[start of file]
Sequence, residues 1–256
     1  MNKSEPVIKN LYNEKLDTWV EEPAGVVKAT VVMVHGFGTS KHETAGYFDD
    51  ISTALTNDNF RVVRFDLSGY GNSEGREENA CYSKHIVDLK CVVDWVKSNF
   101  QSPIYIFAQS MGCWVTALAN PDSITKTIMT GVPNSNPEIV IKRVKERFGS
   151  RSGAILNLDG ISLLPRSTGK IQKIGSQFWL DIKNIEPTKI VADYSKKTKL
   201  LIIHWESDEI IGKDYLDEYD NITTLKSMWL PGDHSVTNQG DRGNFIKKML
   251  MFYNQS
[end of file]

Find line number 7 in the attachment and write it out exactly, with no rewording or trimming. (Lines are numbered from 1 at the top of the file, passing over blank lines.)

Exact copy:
   251  MFYNQS